Geologist James Skinner of the USGS (U.S. Geological Survey) oversees the production of standardized maps for solar system bodies. Skinner and colleagues used information from six regional lunar maps created by separate research groups during the Apollo era, and combined them with recent lunar orbiter observations to draw up a new comprehensive geologic map of the whole moon, including views of the north and south lunar poles.
However, it was not just a matter of overlaying the six Apollo-era maps one on top of another and adding recent lunar orbiter observations to bring the data up-to-date. The pictures did not all line up exactly. Also, since separate research groups worked on the maps at different times using knowledge they had at that time, they interpreted what they saw differently. At times, two different teams looking at the same surface features would label them differently. Skinner and colleagues availed themselves of recent lunar orbiter observations to painstakingly reconcile the discrepancies and come up with the final spectacular result.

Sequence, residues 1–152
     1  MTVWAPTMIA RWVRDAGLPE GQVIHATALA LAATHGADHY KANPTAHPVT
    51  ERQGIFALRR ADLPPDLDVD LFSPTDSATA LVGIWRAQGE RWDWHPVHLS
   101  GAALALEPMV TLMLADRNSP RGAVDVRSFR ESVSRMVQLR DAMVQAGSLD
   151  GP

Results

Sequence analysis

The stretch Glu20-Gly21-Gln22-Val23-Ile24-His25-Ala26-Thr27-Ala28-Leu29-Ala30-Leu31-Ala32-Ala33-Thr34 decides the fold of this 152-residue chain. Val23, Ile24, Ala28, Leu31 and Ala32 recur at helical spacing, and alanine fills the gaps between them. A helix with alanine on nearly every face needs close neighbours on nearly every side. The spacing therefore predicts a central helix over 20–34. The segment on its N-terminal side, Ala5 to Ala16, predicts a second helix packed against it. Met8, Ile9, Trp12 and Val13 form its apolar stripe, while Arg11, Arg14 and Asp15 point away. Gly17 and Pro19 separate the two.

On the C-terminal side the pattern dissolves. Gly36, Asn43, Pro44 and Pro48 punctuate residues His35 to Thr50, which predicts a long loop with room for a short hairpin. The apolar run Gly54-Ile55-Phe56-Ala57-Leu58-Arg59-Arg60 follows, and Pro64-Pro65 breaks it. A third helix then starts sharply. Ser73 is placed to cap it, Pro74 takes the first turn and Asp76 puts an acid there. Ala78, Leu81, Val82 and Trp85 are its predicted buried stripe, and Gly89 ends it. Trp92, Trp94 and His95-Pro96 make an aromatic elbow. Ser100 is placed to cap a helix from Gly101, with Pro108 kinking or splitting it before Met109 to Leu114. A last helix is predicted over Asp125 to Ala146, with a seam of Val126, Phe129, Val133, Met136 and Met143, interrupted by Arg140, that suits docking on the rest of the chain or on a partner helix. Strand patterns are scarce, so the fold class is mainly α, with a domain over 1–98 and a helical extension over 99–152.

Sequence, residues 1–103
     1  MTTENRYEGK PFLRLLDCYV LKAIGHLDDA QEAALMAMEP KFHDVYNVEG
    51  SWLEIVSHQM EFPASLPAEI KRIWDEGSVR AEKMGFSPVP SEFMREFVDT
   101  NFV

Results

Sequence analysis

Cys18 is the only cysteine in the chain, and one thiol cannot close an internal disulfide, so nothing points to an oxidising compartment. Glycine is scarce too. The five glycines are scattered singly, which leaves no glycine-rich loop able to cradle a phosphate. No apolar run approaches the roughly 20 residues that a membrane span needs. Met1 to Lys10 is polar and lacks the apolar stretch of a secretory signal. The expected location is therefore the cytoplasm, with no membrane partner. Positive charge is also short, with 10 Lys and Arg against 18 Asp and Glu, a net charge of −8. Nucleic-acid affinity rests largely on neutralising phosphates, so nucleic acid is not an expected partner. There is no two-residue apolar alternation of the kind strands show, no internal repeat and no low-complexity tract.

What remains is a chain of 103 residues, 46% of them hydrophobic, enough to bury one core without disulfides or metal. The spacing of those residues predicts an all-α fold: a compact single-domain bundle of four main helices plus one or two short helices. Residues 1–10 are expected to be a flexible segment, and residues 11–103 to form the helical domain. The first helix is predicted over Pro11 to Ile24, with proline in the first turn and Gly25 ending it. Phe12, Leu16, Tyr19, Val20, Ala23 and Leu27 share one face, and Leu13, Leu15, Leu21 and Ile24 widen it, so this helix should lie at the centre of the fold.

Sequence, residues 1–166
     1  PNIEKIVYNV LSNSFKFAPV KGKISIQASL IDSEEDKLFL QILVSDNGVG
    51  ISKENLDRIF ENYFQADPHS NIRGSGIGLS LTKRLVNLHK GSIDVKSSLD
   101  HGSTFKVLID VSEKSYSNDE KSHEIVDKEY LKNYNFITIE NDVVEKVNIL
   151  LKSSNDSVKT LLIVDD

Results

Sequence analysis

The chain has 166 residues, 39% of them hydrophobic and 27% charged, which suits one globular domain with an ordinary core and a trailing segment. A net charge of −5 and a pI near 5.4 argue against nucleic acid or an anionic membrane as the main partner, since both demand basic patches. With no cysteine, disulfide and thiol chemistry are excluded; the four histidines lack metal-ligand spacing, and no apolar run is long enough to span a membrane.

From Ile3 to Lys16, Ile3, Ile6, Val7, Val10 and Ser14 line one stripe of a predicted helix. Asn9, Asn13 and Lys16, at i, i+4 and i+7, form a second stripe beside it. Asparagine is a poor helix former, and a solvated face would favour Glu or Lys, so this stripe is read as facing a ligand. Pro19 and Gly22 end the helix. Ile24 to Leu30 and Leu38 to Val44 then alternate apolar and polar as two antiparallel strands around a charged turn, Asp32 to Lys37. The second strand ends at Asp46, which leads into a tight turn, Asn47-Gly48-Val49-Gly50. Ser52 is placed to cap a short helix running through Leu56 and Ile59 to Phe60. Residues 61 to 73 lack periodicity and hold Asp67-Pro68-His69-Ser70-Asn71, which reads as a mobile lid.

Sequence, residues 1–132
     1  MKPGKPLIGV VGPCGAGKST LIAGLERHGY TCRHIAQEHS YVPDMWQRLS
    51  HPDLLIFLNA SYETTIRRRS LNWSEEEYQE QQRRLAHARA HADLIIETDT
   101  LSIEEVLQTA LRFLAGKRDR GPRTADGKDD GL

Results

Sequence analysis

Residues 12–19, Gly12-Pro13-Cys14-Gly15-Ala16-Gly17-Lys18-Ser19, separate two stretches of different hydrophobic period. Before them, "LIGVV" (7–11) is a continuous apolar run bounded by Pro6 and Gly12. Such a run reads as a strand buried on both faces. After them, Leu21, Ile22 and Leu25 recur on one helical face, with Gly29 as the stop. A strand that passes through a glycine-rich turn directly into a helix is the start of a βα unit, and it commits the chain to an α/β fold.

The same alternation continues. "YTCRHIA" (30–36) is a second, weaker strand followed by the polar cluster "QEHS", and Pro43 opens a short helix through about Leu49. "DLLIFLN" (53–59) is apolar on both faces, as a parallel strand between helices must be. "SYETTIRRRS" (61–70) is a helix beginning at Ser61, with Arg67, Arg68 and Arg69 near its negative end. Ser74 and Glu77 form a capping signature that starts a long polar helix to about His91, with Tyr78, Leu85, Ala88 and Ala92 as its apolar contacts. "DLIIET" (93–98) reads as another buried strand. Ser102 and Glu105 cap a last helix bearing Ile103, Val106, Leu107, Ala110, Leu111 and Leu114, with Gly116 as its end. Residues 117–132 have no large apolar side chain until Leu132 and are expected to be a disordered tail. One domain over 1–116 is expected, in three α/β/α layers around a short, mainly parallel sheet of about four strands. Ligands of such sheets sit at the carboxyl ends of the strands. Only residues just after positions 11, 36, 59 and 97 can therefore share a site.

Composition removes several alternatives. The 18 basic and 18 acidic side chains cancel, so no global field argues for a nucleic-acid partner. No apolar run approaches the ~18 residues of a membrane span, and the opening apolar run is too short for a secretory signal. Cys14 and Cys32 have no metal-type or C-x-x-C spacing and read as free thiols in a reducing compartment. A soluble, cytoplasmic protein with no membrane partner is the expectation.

Different colors on a new geologic map of the moon designate different types of rock and sediment formations on the moon. For instance, craters associated with the Eratosthenian period on the moon (about 3.2 billion to 1.1 billion years ago) are typically marked green. Craters from the older Imbrian period (around 3.9 billion to 3.2 billion years ago) are generally painted blue.